Greens to Bernie: Come on over
posted at 10:31 am on July 9, 2016 by Ed Morrissey
Two months ago — or maybe even one month ago — Jill Stein’s offer might have actually worked. Yesterday, the presumptive nominee of the Green Party offered to stand down if Bernie Sanders took his movement on the road and agreed to run for president on their ticket. Now it might be a case of too little, too late … or is it (via Kerry Picket)?
Bernie Sanders has been invited to continue his underdog bid for the White House by the Green party’s probable presidential candidate, who has offered to step aside to let him run. …
But in a potentially destabilising move for the Democratic party, and an exciting one for Sanders’ supporters, the Green party candidate said she was willing to stand aside for Sanders.
“I’ve invited Bernie to sit down explore collaboration – everything is on the table,” she said. “If he saw that you can’t have a revolutionary campaign in a counter-revolutionary party, he’d be welcomed to the Green party. He could lead the ticket and build a political movement,” she said.
Stein said she had made her offer directly to Sanders in an email at the end of the primary season, although she had not received a response. Her surprise intervention comes amid speculation that Sanders will finally draw a line under a bruising Democratic contest by endorsing Clinton’s presidential bid next week.
Stein’s e-mail missive would have come at a perfect time for such a move. The Democratic Party’s establishment had accused Sanders of fomenting violence after a dustup in the Nevada Democratic Convention, and DNC chair Debbie Wasserman Schultz had led that charge. She had also done everything but jam a crown on Hillary Clinton all during the debate season and primaries, scheduling the events for days and times more suited to public-access cable channels than national political events. Sanders and his supporters looked ready to bolt.
In late May, I wrote a column for The Fiscal Times that laid out precisely this move, and why it made sense for Bernie and his movement, and the Greens too:
Sanders would still face the same sore-loser laws and ballot access issues as would a conservative independent – if he didn’t have an established party to back him. Unlike conservatives, who lack such a nationally established option, there is at least a possibility that Sanders could appeal to the Green Party. The Greens will hold their convention a couple of weeks after the Democrats do, in the first weekend of August.
The Green Party is most remembered for the spoiler role nominee Ralph Nader arguably played in Florida in the 2000 election, pulling enough votes away from Al Gore to give the state and the election narrowly to George W. Bush. They have struggled for national status ever since, and might welcome Sanders as a means to bid for major-party coverage – especially since they would provide a closer ideological fit for Sanders’ supporters than Hillary Clinton’s Democratic Party might.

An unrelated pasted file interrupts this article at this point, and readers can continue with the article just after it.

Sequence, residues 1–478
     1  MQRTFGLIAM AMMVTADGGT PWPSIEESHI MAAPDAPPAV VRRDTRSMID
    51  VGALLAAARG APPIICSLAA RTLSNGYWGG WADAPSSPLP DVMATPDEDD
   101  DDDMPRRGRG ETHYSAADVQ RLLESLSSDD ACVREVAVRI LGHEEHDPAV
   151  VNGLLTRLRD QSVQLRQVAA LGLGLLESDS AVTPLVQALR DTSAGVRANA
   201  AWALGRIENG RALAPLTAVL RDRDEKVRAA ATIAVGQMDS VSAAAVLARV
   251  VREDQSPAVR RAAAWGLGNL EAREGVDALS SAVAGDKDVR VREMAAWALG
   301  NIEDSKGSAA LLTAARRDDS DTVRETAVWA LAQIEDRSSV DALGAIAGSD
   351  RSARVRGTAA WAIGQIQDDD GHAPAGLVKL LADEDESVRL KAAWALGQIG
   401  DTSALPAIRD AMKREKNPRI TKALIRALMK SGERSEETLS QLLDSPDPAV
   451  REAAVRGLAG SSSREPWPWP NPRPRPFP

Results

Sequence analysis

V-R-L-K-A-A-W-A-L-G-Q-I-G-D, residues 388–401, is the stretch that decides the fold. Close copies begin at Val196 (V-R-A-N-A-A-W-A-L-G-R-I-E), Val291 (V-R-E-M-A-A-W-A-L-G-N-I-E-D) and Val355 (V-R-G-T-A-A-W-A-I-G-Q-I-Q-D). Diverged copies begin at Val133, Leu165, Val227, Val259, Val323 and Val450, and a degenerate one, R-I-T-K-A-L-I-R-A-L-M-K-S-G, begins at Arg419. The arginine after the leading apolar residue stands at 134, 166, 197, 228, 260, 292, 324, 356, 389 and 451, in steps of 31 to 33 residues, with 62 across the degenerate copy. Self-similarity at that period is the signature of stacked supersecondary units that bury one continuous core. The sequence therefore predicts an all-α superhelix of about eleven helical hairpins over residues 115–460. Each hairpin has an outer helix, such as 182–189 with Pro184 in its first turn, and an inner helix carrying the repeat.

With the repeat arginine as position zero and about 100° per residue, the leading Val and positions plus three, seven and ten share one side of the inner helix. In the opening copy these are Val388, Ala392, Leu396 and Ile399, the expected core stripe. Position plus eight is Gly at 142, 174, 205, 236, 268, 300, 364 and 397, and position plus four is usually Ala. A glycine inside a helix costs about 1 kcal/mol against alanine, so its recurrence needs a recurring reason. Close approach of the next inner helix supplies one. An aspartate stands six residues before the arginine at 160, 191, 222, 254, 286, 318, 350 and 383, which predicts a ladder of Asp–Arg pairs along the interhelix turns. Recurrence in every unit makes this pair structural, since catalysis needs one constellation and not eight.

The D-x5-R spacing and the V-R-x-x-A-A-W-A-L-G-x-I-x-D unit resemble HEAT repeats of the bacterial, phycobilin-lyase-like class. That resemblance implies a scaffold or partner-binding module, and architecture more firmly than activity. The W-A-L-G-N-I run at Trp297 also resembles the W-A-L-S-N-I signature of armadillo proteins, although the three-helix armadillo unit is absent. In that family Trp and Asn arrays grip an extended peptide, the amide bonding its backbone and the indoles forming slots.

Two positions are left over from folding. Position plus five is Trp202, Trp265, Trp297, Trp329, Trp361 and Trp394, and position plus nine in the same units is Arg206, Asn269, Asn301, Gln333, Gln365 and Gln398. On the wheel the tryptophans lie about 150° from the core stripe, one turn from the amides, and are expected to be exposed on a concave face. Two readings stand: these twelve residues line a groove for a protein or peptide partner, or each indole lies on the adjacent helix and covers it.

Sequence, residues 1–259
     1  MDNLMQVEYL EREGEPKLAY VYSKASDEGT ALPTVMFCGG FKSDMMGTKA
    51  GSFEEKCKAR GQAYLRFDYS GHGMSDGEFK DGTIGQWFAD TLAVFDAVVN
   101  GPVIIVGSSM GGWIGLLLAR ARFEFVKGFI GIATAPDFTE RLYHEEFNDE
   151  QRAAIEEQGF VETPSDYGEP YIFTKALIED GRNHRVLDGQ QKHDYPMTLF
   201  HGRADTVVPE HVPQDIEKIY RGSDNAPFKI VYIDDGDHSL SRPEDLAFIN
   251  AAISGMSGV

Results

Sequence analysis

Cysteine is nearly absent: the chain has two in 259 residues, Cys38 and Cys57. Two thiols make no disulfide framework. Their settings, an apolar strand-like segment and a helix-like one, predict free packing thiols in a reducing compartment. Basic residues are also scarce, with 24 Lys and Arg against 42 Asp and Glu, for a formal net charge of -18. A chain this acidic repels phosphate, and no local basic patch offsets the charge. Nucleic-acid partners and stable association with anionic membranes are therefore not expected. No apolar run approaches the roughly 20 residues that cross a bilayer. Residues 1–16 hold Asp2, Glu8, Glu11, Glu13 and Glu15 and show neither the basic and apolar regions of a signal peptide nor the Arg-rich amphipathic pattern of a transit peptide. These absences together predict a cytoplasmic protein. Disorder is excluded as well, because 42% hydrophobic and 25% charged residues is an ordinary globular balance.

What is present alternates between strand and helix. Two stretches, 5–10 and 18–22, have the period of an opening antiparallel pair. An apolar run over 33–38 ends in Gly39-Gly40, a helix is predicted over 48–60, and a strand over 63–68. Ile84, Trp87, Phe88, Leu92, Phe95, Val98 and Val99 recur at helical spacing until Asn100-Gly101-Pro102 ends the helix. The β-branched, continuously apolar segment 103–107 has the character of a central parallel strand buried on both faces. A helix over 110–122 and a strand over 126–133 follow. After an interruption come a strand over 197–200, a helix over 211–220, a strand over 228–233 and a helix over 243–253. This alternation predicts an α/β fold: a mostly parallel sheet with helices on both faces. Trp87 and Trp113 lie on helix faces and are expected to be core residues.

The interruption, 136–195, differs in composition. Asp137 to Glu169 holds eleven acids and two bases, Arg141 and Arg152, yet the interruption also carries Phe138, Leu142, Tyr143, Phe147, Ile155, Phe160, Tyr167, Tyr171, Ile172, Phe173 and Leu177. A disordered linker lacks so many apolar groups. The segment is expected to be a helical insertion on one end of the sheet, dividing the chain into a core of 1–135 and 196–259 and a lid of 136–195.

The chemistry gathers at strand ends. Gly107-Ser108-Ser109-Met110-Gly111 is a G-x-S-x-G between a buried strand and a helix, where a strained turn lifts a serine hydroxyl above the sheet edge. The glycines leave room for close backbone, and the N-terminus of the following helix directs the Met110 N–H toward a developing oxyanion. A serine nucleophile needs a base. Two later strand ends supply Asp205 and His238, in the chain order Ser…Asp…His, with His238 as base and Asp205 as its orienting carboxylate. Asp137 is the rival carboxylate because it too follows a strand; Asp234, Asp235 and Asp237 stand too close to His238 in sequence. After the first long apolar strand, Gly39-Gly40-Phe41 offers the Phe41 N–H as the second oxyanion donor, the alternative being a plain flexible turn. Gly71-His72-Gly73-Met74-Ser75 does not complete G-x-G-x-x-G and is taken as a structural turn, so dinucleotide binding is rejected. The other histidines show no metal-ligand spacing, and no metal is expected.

A Sanders defection could also help the Greens win a fight over ballot access. As it stands now, though, Sanders could get on enough ballots to have a major impact on the general election. New York, California, Ohio, Michigan, Wisconsin, Oregon, and Colorado are among the 20 states where the Green nominee will get a spot on the ballot no matter what. Those seven states represent 144 Electoral College votes that went to Democrats in 2012. If Sanders split the Left in those states, it might push those states to the GOP; if Sanders actually won those states, it would throw the election to the House of Representatives, where Republicans would control the outcome.
Two weeks ago, the idea that Sanders would take his constituency and go on his own would have seemed ludicrous. With the vitriol ramping up this week and the DNC stoking the fire, it’s at least possible that Sanders will have no use for Democratic Party unity, and has at least a potential option for a party that will allow him to lead. If Democrats don’t act to rein in Wasserman Schultz and engage with Sanders quickly to call a truce, this summer might be more interesting than anyone imagines.
Since then, though, the fires of internecine conflict have abated somewhat. Sanders got booed on Capitol Hill when he met with House Democrats this week for not providing a timeline for endorsing Hillary, but that didn’t stop him from feeling the Bern from her college-tuition proposals this past week. Reportedly, the two have already planned a unity event for Tuesday that will put an end to the Bernie movement, and cement Hillary as the undisputed leader of the Democratic Party.
Stein should have gone public with this offer earlier. Had she done so before the California primary, perhaps the enthusiasm and anger within Bernie’s ranks would have pushed him to keep reaching for the brass ring, even if it came from a lesser jewelry store, so to speak. Stein claims that Bernie’s supporters are already coming to the Green Party, but there seems to be little evidence of that in polling. The Libertarians appear to be doing slightly better in that effort, but Gary Johnson isn’t going to offer his slot.
Still, perhaps Bernie will use Stein’s offer as one last bit of leverage for some policy concessions, or maybe even a role in a potential Hillary administration. At the very least, Sanders can demand Wasserman Schultz’ head on a silver platter. If Hillary balks, at least Sanders knows he has somewhere else to go. A few more catcalls or a brush-off or two in the next few days, and who knows?